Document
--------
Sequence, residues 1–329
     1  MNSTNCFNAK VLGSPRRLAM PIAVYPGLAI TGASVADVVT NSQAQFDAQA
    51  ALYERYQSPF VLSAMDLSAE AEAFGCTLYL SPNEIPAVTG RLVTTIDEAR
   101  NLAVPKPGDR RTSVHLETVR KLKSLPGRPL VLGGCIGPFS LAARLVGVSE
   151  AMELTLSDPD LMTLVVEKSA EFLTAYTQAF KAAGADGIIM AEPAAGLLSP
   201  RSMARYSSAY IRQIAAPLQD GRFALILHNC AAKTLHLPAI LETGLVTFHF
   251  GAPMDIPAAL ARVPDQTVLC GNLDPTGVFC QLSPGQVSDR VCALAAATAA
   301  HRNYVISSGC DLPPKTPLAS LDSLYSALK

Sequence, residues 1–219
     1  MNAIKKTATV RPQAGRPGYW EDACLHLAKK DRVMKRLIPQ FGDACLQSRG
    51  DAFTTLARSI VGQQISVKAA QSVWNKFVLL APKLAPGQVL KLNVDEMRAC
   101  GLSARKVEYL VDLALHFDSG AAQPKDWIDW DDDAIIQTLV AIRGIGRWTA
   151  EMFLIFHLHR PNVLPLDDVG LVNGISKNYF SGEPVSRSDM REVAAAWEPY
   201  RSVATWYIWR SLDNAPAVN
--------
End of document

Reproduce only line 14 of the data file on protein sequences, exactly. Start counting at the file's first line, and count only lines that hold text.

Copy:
   201  RSVATWYIWR SLDNAPAVN